Dave Wilton posted a Big List article about the history of the word bizarre that begins:

Bizarre is a word with a rather straightforward etymology. English borrowed it from French in the mid seventeenth century, which in turn had borrowed it from the Italian bizarro. But that has not stopped some baseless speculation about a weirder origin of the word.

The original Italian meaning of bizarro is angry. The word appears in Dante’s early 14th century Divine Comedy. […] In later Italian usage, bizarro developed the meaning of strange or odd, and French borrowed this meaning in the early sixteenth century. And this sense was borrowed into English in the mid seventeenth century. Edward Herbert, a soldier, diplomat, poet, and philosopher, is the first person known to have used bizarre in English. […]

Despite the etymology of bizarre being a rather ordinary one, a false etymology developed claiming that it comes from the Basque bizarra, meaning beard. The false etymology developed not only because the words are superficially similar, but perhaps out of a desire that a word meaning odd should not have an ordinary history, and also perhaps because Basque is a tempting language to associate with any word. […]

In this case, the guilty party appears to be the nineteenth-century French lexicographer Émile Littré, who first put forward the idea that bizarre comes from the Basque word for beard. His argument is simple and, at first blush, tempting. In Spanish, bizarro means brave or gallant, and the phrase hombre de bigote (literally, man with a moustache) means a man of spirit, of bravery. The Spanish must, Littré reasoned, have gotten the word, with its association with facial hair, from their next-door neighbors, the Basques. His argument is seemingly bolstered by the fact that in early French use, bizarre could also mean brave. Littré believed French had borrowed the word from Spanish.

Unfortunately for Littré and his argument, the borrowing goes the other way. Bizarre is not attested in Spanish until the late sixteenth century, well after it was established in French. It seems that the Spanish borrowed the brave sense of the word from French. The evolution from anger to bravery is a natural one, just think of the wrath of Achilles, a great warrior, that drives the plot of the Iliad. The brave sense eventually fell out of use in French, but it held on in Spanish, where it is the primary meaning of the word today.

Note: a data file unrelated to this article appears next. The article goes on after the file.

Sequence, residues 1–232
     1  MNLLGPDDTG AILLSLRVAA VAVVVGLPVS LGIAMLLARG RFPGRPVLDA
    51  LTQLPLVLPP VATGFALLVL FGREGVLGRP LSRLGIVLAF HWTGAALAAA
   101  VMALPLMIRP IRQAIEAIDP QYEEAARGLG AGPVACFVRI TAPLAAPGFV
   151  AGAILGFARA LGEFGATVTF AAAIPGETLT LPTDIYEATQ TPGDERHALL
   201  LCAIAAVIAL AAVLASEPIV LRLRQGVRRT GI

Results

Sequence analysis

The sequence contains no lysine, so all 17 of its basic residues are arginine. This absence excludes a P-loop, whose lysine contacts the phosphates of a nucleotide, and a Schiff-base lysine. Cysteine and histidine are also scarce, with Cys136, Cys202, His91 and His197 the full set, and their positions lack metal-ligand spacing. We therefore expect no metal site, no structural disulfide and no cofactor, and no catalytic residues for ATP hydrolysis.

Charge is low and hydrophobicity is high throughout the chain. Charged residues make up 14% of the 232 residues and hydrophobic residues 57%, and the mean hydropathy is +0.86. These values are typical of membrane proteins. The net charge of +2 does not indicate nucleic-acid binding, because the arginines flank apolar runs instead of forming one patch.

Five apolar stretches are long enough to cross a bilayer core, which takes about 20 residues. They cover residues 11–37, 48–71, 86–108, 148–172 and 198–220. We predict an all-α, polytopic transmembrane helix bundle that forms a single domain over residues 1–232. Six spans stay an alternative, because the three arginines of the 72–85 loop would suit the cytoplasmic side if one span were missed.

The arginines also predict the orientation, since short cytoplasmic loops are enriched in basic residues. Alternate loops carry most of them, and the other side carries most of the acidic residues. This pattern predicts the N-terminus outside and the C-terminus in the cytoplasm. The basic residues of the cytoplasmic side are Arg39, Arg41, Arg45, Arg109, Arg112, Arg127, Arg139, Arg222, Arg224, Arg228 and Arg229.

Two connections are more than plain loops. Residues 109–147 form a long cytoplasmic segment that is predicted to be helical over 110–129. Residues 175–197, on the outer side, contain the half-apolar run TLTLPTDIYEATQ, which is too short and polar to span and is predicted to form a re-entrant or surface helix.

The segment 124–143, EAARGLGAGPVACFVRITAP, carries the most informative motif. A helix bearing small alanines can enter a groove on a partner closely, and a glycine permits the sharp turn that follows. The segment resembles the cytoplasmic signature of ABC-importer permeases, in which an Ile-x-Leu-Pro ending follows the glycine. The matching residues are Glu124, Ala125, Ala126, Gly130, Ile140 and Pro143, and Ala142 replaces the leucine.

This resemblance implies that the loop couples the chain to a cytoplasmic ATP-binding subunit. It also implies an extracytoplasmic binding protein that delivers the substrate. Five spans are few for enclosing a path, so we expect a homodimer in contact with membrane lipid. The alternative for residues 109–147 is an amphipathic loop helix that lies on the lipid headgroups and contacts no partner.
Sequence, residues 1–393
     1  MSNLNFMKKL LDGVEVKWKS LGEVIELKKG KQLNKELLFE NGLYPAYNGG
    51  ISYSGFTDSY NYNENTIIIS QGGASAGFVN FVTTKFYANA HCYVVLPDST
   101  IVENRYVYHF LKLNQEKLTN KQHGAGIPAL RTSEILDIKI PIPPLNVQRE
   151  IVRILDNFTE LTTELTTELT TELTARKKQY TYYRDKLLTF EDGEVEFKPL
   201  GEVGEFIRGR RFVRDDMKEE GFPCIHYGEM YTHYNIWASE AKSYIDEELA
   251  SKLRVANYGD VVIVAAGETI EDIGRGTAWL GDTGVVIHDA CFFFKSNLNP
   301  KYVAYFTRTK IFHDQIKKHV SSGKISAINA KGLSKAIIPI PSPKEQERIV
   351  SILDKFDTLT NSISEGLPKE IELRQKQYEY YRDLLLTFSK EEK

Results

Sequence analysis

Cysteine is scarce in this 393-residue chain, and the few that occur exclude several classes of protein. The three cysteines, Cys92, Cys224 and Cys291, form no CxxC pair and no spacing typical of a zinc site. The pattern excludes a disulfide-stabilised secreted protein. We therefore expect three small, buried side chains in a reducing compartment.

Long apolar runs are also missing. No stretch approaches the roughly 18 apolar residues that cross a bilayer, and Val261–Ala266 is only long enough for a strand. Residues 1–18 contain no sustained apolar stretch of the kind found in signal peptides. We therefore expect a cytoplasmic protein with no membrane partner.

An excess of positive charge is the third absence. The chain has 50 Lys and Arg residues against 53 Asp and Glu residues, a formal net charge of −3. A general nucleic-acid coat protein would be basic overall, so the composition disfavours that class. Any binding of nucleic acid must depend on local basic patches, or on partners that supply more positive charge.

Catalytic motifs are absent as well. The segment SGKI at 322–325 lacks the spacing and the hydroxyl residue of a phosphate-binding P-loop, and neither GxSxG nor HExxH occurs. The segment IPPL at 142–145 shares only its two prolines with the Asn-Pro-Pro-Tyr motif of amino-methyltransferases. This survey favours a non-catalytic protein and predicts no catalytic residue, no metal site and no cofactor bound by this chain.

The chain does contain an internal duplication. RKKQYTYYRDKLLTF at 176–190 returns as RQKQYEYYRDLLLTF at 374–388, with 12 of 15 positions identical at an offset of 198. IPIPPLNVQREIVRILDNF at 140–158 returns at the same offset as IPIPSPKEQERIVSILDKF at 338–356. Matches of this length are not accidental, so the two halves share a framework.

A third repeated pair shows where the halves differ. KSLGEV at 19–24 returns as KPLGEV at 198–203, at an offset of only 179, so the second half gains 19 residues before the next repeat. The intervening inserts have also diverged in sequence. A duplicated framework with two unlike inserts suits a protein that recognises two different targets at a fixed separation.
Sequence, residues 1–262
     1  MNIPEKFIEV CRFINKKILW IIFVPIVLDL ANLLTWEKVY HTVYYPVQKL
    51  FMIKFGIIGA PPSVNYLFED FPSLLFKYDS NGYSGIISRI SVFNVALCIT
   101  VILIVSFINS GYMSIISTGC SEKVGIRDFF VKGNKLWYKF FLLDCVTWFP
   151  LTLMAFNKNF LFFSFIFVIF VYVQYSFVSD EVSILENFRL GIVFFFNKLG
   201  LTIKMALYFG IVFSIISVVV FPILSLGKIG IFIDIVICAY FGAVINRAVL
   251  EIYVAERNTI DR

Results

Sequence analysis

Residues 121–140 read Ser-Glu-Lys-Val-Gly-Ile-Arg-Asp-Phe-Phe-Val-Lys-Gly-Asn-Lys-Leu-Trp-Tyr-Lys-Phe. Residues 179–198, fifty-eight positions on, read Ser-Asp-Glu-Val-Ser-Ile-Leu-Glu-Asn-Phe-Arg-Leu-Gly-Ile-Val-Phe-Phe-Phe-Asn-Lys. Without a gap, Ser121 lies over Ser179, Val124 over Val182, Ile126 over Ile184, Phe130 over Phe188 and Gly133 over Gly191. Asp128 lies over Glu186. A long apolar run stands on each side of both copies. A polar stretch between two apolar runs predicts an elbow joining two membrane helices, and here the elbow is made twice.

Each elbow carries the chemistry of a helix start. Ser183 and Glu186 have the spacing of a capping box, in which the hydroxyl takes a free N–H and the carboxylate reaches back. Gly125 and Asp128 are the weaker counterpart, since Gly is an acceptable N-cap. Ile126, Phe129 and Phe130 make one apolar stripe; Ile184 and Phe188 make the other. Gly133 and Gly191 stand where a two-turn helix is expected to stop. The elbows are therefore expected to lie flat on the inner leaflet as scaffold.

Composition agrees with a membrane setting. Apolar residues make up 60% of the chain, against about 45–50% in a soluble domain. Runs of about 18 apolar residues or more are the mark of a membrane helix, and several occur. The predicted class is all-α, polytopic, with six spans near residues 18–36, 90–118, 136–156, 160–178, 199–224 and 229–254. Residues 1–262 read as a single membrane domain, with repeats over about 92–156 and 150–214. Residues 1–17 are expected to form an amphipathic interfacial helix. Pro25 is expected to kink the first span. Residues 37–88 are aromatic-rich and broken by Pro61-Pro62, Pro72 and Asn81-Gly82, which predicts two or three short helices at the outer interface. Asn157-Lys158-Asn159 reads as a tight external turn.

I confess that if I once knew about the Spanish meaning, I’d forgotten. But apparently it’s now also used by some in the English sense; at the Wordorigins discussion thread, cuchuflete says “The Royal Academy, sternly wagging a proscriptivist finger, acknowledges its existence and counsels against such usage.” See links for details.


  1. Dan Milton says

    I’d like to go a bit further than Italian bizarro angry which is as far as the OED takes it.
    Wiktionary says It. bizza “tantrum” is of Germanic origin, thought to be from German beißen (to bite), but their reference, Treccani on line Vocabolario, only says “etimo incerto

  2. David Eddyshaw says

    Made me wonder about the etymology of “bazaar”, which seems, satisfyingly enough, to come from an Old Iranian compound meaning “trade-walkabout.” Does what it says on the tin …

  3. And further, apparently, to Proto-Indo-European *wes- ‘buy/sell’ + *kʷel- ‘turn.’

  4. I remember wondering at one point whether the old Italian meaning, “angry,” had had any impact on the Superman character Bizarro. I think it is consistent in Bizarro’s various origin stories that, after being created as an imperfect copy of Superboy or Superman, he adopts his name from a mishearing of someone calling him “bizarre.” While not intrinsically a bag guy, Bizarro (and his many additional duplicates) do tend to have a temper problem.

    Moreover, while the OED still has no entry, bizarro has become a perfectly good English word. I imagine that the etymology is a combination of direct borrowing of the older Italian etymon and modification of English bizarre, the later probably mostly inspired by the comic book character.

  5. I assumed I’d find the word borrowed into Catalan, but there’s not a trace, it seems. In Spanish, it must have been exclusively literary from the outset and remained so, which left the other meanings open to being supplanted by the meaning ‘bizarre’ -a fact, incidentally, that the RAE and ASALE have come to accept with updated definitions of the word since 2021.

  6. Interesting, thanks for the update!

  7. @Andy:

    I assumed I’d find the word borrowed into Catalan, but there’s not a trace, it seems

    The old ‘gallant’ meaning was adopted as bisarro, and is obsolete but attested:

    En aquest punt me arriba Don Guillem Armengol ab cent homens de socorro, y molt bisarro

    The new one comes up sometimes as bizarro but also as phonologically adjusted bissarro

    Ho trobo molt bizarro

    És un dels jocs que a dia de hui encara trobe molt bissarro

  8. @Alon Lischinsky: Marvellous, thank you!

  9. No worries!

    Josep Sacosta, author of the first quote, was one of the captains under Tamarit in the Reaper’s War — one thinks that should be more than enough cachet to get the term into the GDLC

  10. It does seem a random omission. I wouldn’t have thought to look for ‘bisarro’ with a single s anyway (suggestive perhaps of a borrowing direct from French, rather than from Spanish?), but now I know, I did at least find it in the Diccionari català-valencià-balear.

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